Thirdly, there are issues of currency convertibility. If the contract is denoted in a particular country’s currency and that currency suddenly drops in value, the project sponsors might not have enough to pay back their lender.
Finally, in some cases, there is the possibility of terrorist action. If terrorists destroy a project, then that project will not provide as much revenue. This is mainly a problem in politically unstable areas.
How is the finance structured?
Lending can come from commercial banks, development banks or non-bank actors (such as institutional investors). Most loans have syndicated facilities. This means that several banks or institutions provide a pool of money for the project company to drawdown.
Typically speaking, the debt will be secured against assets that the company has. This means that individual assets back the debt that the project company has. So, in the case of default, the lender can seize the asset and sell it off to make back their losses.
Sometimes, projects are funded through capital market offerings. So, a project company might issue bonds or shares to raise money for its project. This would allow the project company to access a broader investor pool than they otherwise might.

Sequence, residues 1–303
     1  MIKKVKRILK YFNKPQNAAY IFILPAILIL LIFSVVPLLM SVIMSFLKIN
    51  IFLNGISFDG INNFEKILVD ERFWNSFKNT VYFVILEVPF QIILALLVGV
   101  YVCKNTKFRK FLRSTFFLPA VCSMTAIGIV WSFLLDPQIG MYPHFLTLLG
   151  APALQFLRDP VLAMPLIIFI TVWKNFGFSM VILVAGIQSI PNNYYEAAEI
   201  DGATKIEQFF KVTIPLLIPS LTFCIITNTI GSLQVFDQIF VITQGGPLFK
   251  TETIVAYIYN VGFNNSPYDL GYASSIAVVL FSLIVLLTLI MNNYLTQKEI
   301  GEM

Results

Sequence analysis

There is also sometimes an unconventional finance structure for the project. The primary example of this is a mezzanine facility. This is a form of debt that can be converted into a share in the company if the company goes bust. Higher interest rates generally accompany this form of finance.
How does insurance factor in?
There usually are credit risks for a project. Due to all of the risks that are involved, a bank could take out credit risk insurance. This is where insurance is taken out to protect against the risk that the project company cannot repay their obligations.
There can also be political risk insurance that a project company takes out. Here, the firm will take out insurance to avoid the risk of any extreme political events such as expropriation, discrimination or war.
An ongoing case study of project finance is Nord Stream 2. Germany granted Nord Stream 2 a permit on the 31st of January 2018. This is a project to create a pipeline between Russia and Germany via the Baltic Sea. It was hoped that it would be finished by the end of 2019, but it has been pushed back due to issues with permits. This week, Denmark provided approval to put down the line in Danish waters using ships with anchors.
In terms of an example of syndicated financing, in June 2020 a syndicate of commercial banks led by BNP Paribas agreed to finance a Cellulose Pulp Mill in Brazil. When this is completed, the plant will be one of the most efficient dissolving wood pulp mills in Brazil.
Finally, in May 2020, the financing for Israel’s Sorek B desalination plant was agreed upon. This is a 25-year contract for designing, financing, constructing and operating the plant. IDE Technologies got the contract.